• Reuters reports, “A Fox News employee who says she suffers from post-traumatic stress disorder after being bitten by bedbugs at work filed a lawsuit on Thursday against the owner of the Manhattan office tower where she worked.”

  • Jessica Yellin 180 Degrees

  • An ABC release announced, “According to Nielsen Media Research for the week of May 19, 2008, ABC News’ ‘Nightline’ outperformed CBS’ ‘Letterman’ among Total Viewers and Adults 25-54. This is ‘Nightline’s’ tenth victory over ‘Letterman’ among the key A25-54 demographic this season and the eighth victory among Total Viewers. Additionally, this is ‘Nightline’s’ best total viewer and Adults 25-54 delivery since December 2007. For the May Sweep, ABC News’ ‘Nightline’ closed the total viewing and Adults 25-54 gaps with CBS’ ‘Late Show with David Letterman’ to its smallest in five years — since May 2003.”

  • What’s the Difference Between Dan Bartlett, Brian Williams and David Gregory? A Lot Less Than You Think

  • McClellan, a Tad Late Correcting The Story

  • THR.com reports, “Broadcast networks are used to being sued by people who say they first conjured up the idea behind a ‘Friends’ or a ‘Heroes.’ But NBC now finds itself a defendant in a case centering on an ongoing segment produced by its news division. Cynthia Tessler, a media producer, is suing the Peacock network for allegedly ripping off programming about taking care of elderly parents. In this lawsuit filed in U.S. District Court in Virginia, Tessler says she brought the idea for ‘Parenting Your Parent’ to NBC in 2001. For the next three years, the two parties discussed plans for the series and negotiated rights for it. Tessler copyrighted her idea and says that NBC agreed to pay her $750,000 before backing out when a third party involved in the program also backed out.”

  • Think Progress reports, “Yesterday, CNN’s Michael Ware dismissed Sen. John McCain’s (R-AZ) recent assertion that Sen. Barack Obama (D-IL) travel to Iraq in order to get a better sense of the war. Ware said that U.S. officials’ trips to Iraq are usually ‘divorced from reality’ adding that its ‘impossible’ to ‘get much of a real picture.’ Ware then noted that McCain’s own trips to Iraq have not helped him get a sense of the realities in Iraq”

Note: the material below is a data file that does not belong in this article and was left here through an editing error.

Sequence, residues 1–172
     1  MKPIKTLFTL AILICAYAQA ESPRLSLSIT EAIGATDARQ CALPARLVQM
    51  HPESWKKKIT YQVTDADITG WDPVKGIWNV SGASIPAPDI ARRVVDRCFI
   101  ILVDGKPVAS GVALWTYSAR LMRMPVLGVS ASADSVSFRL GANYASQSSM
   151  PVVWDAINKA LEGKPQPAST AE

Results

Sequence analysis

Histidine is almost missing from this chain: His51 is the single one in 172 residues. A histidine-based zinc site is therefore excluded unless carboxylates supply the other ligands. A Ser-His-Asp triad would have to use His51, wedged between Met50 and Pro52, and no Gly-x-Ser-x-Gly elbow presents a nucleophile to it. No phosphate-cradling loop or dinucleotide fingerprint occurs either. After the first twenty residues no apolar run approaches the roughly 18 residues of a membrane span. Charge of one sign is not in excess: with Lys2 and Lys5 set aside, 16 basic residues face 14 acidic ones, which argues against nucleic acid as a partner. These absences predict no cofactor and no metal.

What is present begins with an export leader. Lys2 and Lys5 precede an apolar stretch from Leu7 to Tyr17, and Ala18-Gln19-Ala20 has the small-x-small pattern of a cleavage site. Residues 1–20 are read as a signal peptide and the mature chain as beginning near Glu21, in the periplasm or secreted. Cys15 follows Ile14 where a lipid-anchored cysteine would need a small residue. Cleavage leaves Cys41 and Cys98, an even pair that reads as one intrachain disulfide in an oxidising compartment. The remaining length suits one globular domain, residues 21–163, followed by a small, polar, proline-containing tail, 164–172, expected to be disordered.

• MarketWatch’s Jon Friedman writes, “TV biz journalists owe Mike Kandel a big debt”

  • TVNewser’s Chris Ariens reports, “As for the meeting to decide the delegates, it was divisive and raucous and left one committee member ‘stunned.’ Clinton supporter Harold Ickes rhetorically asked ‘Was the process flawed? You bet your ass it was flawed,’ he said. He then said Sen. Clinton authorized him ‘to take this to the credentials committee.’ In other words, the cable networks just got their wish. This thing may not be over Wednesday morning.”

  • TVNewser reports, “CNN’s San Juan Bureau Up and Running”

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    ONLINE MEDIA

  • The Onion announced, “While we are quite proud at having pioneered the presentation of advertorial news content on our Inter-net site, there is no reason you should not find The Onion wherever you happen to be, whether on-line or off. So that you cannot plead ignorance, we have compiled on this web page a comprehensive list of sources and methods through which you can maintain your allegiance to our corporate agenda.”

  • A Huffington Post release announced, “The Huffington Post’s OffTheBus (http://www.huffingtonpost.com/off-the-bus/), a citizen-powered online news organization, is partnering with NewsTrust (www.newstrust.net), a nonprofit social news site promoting quality journalism, to analyze media coverage of the 2008 presidential campaign. For this first joint project, the partners will evaluate the quality of recent news coverage of Republican presidential candidate John McCain. The John McCain ‘news hunt’ will be the first step in uncovering campaign stories that have been overlooked or inadequately reported by the media. NewsTrust will provide OffTheBus (OTB) editors and members with an updated feed of McCain news and opinion, rated using NewsTrust’s state-of-the-art news literacy tools, as well as its growing network of experienced journalists, citizen reviewers, digital media innovators and community organizers.”